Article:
Whychus Creek campaign gets gift from unlikely source
Feb 24, 2017
Native Oregonian turned bank executive makes donation
By Stephen Hamway
The campaign to restore Whychus Creek got a boost from an unlikely source: the current chief operating officer of Bank of America.
Tom Montag, a native Oregonian currently working for the global bank in New York, donated $530,000 to the Deschutes Land Trust earlier this year along with his wife Janet, the Bend-based nonprofit announced Thursday.
The donation is the largest so far during the 3-year-old campaign to restore habitat across a 12-mile stretch of Whychus Creek, according to Brad Chalfant, executive director of the Deschutes Land Trust.
Chalfant said Montag, who was born in Beaverton, first became familiar with the Deschutes Land Trust around 2003, when the group was attempting to secure the 1,240-acre Metolius Preserve on Lake Creek. Since then, Chalfant said Montag has been active on a variety of conservation projects in his home state. Montag could not be reached for comment.
“Someone like Tom Montag … is a reminder that our community can do some pretty amazing things,” Chalfant said Thursday.
The Deschutes Land Trust has made the restoration of Whychus Creek, a tributary of the Deschutes River that runs through approximately 41 miles of Deschutes and Jefferson Counties, one of its main priorities. The nonprofit works with public and private landowners to protect land across Central Oregon. Chalfant said the donation pushes the organization within $400,000 of its goal of $2 million in private funding, aimed at securing around 12 miles of land along the tributary and restoring the area to support salmon and steelhead populations.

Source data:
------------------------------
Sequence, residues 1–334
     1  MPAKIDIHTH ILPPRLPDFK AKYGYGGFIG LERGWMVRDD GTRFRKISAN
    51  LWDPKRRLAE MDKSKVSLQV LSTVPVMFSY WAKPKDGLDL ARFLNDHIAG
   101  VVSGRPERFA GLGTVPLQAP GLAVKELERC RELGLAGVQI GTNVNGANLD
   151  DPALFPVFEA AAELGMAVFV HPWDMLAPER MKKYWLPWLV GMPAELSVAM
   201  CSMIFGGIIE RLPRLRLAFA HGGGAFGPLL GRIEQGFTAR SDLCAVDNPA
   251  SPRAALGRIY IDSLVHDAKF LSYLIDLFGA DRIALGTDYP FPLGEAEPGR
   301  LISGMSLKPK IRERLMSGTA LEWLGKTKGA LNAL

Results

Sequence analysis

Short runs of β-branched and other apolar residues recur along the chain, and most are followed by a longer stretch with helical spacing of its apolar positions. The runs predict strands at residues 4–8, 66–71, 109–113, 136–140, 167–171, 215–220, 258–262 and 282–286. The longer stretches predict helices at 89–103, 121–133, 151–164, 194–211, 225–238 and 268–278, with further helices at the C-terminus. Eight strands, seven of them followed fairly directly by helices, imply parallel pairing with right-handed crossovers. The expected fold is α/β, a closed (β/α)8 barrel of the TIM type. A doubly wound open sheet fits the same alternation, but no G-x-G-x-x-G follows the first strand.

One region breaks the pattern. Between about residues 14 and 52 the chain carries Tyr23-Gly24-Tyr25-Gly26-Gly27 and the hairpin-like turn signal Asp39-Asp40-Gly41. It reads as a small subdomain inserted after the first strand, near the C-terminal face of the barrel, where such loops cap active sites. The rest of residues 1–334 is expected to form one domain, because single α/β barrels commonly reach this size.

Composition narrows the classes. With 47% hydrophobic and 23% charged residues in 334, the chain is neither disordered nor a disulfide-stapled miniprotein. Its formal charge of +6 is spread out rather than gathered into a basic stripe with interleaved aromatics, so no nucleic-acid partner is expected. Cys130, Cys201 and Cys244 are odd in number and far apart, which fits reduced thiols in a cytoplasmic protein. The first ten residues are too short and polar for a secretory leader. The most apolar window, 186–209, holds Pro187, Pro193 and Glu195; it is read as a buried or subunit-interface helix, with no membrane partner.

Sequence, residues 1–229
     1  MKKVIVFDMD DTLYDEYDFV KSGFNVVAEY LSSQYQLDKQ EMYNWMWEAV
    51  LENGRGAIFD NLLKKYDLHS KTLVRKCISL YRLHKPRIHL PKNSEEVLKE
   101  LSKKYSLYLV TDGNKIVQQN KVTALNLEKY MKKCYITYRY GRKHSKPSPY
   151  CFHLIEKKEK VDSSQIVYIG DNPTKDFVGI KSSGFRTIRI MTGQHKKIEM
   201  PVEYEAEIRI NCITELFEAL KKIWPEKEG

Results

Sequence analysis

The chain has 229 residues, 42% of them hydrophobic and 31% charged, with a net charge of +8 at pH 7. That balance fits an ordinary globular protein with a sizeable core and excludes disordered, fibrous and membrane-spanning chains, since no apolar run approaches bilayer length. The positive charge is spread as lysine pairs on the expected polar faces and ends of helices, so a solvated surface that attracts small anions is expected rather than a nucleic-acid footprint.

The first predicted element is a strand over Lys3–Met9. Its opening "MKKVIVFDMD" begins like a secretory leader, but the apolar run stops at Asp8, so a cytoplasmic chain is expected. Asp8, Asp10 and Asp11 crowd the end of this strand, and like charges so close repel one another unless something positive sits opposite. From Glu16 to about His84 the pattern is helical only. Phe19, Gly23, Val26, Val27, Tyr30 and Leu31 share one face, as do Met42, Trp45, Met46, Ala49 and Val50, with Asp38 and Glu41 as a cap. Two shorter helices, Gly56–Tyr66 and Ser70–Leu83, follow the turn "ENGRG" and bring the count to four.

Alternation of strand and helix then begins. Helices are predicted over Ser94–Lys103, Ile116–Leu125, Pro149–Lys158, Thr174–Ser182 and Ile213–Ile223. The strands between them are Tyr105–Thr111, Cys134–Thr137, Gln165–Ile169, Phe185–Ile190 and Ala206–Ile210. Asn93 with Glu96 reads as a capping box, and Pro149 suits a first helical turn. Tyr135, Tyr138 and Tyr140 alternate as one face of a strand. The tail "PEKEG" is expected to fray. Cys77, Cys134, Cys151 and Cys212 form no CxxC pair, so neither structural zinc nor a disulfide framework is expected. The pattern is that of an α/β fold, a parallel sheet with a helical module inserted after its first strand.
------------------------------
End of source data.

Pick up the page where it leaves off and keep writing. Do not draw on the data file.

Chalfant said much of Central Oregon was once home to migrating salmon and steelhead. However, man-made berms and other impediments along Whychus Creek restricted it to a single straight channel, which was often dry during the summer, according to Chalfant. As a result, salmon and other fish populations disappeared in the area.
“It was a dry, dusty place,” Chalfant said.
To that end, Deschutes Land Trust works with various stakeholders groups in the region, including the Upper Deschutes Watershed Council and the Deschutes River Conservancy, to restore habitat and waterflow for the creek.
Mathias Perle, project manager for the Upper Deschutes Watershed Council, said fish populations have been limited by the lack of available habitat along Whychus Creek. Once Deschutes Land Trust acquires a parcel of land, the watershed council can work with them to restore the habitat by removing levies and berms from the area.
“Their successes are our successes, in many ways,” Perle said.
— Reporter: 541-617-7818, email@example.com